President Joe Biden has slammed Amazon for its union-busting tactics in a video posted on Twitter stating the choice to “join a union is up to the workers, full stop”.
Amazon workers at its warehouse in Bessemer, Alabama have been voting via mail on whether to be represented by the Retail, Wholesale and Department Store Union (WDSU) since early February.
Workers in Alabama – and all across America – are voting on whether to organize a union in their workplace. It’s a vitally important choice – one that should be made without intimidation or threats by employers.
Every worker should have a free and fair choice to join a union. pic.twitter.com/2lzbyyii1g
— President Biden (@POTUS) March 1, 2021
Until now Amazon has been successful in thwarting all efforts by its US staff to unionise, but this landmark vote could well be the first time in the company’s history any of its workers have gained official representation in the country.
Amazon has already drawn condemnation from a group of 70 investors, which collectively hold around $20 billion in shares, for its unabashed efforts to quash the union vote.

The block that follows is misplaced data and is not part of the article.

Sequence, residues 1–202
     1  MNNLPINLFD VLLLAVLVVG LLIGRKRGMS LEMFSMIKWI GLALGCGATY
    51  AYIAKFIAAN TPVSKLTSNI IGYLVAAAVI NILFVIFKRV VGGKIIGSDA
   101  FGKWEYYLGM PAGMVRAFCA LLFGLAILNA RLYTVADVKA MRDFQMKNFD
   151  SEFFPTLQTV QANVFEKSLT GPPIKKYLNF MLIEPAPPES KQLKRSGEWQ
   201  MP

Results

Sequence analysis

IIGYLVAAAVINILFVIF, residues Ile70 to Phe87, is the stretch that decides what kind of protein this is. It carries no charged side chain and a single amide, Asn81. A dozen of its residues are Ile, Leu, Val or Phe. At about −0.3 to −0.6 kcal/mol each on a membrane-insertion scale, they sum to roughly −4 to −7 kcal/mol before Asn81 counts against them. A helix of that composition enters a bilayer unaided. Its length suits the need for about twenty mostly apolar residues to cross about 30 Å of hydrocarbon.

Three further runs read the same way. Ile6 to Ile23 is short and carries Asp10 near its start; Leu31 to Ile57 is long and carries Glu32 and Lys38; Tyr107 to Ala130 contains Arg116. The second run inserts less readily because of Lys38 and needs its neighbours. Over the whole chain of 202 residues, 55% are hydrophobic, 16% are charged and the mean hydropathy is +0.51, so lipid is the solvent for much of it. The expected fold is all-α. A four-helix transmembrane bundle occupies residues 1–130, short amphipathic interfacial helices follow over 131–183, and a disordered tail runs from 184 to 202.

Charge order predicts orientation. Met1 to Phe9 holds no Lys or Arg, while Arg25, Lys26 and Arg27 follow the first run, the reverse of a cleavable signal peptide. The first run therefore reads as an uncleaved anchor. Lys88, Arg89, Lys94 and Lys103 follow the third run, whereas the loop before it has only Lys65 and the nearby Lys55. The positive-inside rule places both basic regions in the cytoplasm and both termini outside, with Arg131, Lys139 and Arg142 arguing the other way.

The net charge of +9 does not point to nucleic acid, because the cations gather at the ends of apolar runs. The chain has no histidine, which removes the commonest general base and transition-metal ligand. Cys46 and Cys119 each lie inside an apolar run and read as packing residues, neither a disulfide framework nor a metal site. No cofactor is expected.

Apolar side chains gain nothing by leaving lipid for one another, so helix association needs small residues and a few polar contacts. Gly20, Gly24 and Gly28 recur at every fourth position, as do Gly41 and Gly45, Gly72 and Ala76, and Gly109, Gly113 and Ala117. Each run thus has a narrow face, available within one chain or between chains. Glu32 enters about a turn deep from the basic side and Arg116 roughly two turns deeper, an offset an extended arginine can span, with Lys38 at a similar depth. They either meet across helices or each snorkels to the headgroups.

Now President Biden has stepped in directly addressing “workers in Alabama”, but failing to refer to Amazon by name.
In his two-minute video, Biden said: “Unions lift up workers, both union and non-union, but especially Black and Brown workers.
“There should be no intimidation, no coercion, no threats, no anti-union propaganda. No supervisor should confront employees about their union preferences.”
The online giant launched an anti-union website last month called doitwithoutdues.com, which criticises the dues workers must pay to join a union.
The site also tells workers that unionisation would mean it “won’t be easy to be as helpful and social with each other”.
Managers at Amazon are also understood to be trained to spot and report organised activity, while the online giant has also tried to delay the vote and force members to vote in person in a booth, but both requests were denied by the National Labour Relations Board (NLRB) last month.
The vote will be being watched closely by Amazon’s 800,000 US workers as it could mark a seismic shift in one of the country’s largest employer’s relationship with its employees.
Unionisation was one of the core tenants of Biden’s campaign and he has vowed to increased union membership after years of steady declines in the US.